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June 13, 2013

Role ModelsI noticed the following tweet yesterday from @triathletemargs[1] “Hey @chrissiesmiles[2] are you going to Kona this year? Please say yes! #myidol you’re the reason why I started in triathlon.”

Who are your Role Models?

This week’s Parsha (Parsha Chukkas) can be summarised as follows ( ) – The laws of the Para Aduma — the red heifer — are detailed. These laws are for the ritual purification of one who comes into contact with death. After nearly 40 years in the desert, Miriam dies and is buried at Kadesh. The people complain about the loss of their water supply that until now has been provided miraculously in the merit of Miriam’s righteousness. Aharon and Moshe pray for the people’s welfare. G-d commands them to gather the nation at Merivah and speak to a designated rock so that water will flow forth. Distressed by the people’s lack of faith, Moshe hits the rock instead of speaking to it. He thus fails to produce the intended public demonstration of G-d’s mastery over the world, which would have resulted had the rock produced water merely at Moshe’s word. Therefore, G-d tells Moshe and Aharon that they will not bring the people into the Land. Bnei Yisrael resumes their travels, but because the King of Edom, a descendant of Esav, denies them passage through his country, they do not travel the most direct route to Eretz Yisrael. When they reach Mount Hor, Aharon dies and his son Elazar is invested with his priestly garments and responsibilities. Aharon was beloved by all, and the entire nation mourns him 30 days. Sichon the Amorite attacks Bnei Yisrael when they ask to pass through his land. As a result, Bnei Yisrael conquers the lands that Sichon had previously seized from the Amonites on the east bank of the Jordan River.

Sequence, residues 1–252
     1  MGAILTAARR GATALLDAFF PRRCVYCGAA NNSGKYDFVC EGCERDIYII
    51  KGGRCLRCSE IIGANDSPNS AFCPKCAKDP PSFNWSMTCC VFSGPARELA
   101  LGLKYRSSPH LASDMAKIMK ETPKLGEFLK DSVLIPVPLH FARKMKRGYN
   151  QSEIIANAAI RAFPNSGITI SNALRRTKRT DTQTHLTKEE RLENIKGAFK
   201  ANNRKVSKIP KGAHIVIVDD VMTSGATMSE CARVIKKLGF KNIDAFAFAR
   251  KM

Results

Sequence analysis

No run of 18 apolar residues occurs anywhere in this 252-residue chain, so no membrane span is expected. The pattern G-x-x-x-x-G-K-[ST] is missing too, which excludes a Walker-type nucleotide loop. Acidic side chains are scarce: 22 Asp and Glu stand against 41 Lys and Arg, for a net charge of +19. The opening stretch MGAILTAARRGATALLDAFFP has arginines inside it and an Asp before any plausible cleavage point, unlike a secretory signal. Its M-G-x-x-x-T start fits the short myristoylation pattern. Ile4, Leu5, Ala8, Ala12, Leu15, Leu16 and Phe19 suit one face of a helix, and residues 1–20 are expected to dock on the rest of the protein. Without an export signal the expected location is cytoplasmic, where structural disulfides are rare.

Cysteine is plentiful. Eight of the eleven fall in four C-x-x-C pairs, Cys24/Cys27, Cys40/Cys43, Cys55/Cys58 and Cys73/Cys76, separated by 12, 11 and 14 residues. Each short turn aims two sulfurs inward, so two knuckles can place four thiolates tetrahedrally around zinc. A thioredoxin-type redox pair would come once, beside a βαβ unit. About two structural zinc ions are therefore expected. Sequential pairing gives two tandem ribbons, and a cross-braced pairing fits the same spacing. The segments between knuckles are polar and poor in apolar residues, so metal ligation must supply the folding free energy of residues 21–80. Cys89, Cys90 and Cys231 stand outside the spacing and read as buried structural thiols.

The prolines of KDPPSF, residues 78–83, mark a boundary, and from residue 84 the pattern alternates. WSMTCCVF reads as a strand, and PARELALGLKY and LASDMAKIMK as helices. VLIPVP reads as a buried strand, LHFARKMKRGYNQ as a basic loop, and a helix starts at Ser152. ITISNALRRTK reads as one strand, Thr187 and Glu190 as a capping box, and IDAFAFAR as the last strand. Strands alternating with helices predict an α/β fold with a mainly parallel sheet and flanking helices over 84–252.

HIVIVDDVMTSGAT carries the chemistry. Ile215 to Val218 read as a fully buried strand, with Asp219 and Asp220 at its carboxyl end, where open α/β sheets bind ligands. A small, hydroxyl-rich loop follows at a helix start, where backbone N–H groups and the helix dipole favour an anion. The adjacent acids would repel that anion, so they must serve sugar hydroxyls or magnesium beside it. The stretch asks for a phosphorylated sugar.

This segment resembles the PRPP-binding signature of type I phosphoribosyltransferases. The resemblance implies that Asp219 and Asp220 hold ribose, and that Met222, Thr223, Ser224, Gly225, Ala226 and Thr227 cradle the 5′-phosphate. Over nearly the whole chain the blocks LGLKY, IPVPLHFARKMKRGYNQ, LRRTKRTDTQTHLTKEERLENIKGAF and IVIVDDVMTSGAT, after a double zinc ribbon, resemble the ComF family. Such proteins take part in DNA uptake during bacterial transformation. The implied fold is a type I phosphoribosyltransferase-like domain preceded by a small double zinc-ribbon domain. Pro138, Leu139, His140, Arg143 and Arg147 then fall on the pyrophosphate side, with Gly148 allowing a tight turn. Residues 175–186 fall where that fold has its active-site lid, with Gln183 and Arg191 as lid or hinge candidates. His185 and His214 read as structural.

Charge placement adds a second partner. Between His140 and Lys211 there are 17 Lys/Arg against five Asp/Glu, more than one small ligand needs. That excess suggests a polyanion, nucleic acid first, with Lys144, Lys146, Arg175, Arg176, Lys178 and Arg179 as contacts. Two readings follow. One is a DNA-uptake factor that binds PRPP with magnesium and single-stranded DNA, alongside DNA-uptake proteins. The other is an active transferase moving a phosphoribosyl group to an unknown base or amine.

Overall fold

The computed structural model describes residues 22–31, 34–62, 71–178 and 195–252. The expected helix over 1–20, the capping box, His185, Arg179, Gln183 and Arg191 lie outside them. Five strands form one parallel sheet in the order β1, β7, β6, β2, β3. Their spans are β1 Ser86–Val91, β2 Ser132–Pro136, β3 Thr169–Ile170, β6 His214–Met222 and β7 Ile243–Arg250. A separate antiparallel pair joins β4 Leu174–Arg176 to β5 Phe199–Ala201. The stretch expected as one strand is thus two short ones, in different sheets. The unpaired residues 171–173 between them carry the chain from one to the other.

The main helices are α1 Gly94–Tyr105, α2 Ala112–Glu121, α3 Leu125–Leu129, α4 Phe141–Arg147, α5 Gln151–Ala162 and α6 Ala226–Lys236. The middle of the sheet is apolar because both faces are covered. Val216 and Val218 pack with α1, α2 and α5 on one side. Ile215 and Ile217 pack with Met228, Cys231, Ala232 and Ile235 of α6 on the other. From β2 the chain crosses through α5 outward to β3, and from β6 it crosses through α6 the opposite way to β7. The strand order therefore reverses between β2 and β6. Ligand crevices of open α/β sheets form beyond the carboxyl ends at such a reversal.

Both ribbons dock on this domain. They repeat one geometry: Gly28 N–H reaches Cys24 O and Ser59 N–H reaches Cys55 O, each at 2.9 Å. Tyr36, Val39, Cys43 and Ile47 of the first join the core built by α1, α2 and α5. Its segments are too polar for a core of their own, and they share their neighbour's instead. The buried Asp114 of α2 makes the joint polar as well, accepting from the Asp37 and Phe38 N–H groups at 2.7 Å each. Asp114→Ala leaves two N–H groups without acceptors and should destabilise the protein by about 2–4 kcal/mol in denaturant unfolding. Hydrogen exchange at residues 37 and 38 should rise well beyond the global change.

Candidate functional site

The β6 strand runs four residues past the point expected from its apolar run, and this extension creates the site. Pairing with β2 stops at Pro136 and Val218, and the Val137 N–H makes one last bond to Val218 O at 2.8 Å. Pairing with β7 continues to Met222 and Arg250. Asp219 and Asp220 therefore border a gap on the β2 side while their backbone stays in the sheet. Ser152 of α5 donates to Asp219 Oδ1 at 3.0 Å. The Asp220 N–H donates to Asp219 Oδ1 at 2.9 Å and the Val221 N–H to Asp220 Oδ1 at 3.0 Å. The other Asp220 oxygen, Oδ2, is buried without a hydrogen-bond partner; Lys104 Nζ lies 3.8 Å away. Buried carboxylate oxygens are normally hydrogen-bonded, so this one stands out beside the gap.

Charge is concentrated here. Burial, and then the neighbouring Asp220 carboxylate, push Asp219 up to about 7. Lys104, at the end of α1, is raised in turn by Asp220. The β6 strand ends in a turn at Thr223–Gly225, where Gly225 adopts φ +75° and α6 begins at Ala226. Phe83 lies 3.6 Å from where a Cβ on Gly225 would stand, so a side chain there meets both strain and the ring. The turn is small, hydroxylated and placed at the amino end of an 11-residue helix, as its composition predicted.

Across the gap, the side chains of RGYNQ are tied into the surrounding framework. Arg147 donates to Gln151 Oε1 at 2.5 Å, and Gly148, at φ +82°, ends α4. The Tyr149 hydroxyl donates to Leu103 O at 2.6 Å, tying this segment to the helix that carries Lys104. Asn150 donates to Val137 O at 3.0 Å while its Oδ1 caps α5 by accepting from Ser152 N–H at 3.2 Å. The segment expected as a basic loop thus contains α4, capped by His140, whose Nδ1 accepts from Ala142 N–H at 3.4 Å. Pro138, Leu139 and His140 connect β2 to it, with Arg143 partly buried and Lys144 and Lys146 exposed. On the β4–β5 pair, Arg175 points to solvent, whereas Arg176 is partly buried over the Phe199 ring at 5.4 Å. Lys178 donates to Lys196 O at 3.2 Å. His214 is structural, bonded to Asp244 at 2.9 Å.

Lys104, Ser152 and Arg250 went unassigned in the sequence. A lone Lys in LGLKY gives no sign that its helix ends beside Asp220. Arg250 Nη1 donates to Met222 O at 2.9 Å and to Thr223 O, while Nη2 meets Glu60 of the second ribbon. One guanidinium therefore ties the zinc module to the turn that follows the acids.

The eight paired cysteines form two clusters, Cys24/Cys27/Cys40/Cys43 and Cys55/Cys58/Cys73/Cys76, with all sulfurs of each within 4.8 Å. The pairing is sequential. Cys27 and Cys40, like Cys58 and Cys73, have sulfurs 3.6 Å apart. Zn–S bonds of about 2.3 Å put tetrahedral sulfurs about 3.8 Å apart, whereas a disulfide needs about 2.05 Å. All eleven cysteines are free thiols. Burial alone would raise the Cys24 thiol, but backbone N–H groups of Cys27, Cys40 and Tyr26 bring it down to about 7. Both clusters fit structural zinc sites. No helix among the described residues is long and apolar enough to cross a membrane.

This week marked the 19th Anniversary of the passing of the Late Lubavitcher Rebbe, Rabbi Menachem Mendel Schneerson. I thought I would try to try to bring a few things together regarding “Role Models” which the Rebbe was to so many people.

I am not one who knows a lot about the Rebbe, but his legacy will remain for decades, from what I have heard and read you learn how deeply he cared for each human being and his example serves as a source of motivation and inspiration to each of us.  His life’s work was in spreading Jewish pride, practice, knowledge and love to the furthest reaches of the globe.

But what can we learn from Role Models and who should we choose as Role Models?

I noticed the following interesting vort (a “word”) on this week’s Daf Yomi[3]  learning (Eruvin 100 – 106) that shows we can learn from all creatures:

 “Even if the Torah had not been given we would be able to learn modesty from the cat and learn not to steal from the ant.”

Rashi explains how the cat shows modesty in matters of relieving itself in private and properly disposal afterwards. He also explains states that ants store up food in the summer for the winter, and they don’t steal food from one another.[4]

In this week’s Parsha. We learn of the death of Miriam (Moses Sister) and Aharon (Moses Brother). Both were Role Models to the Jewish People and they are examples to us all.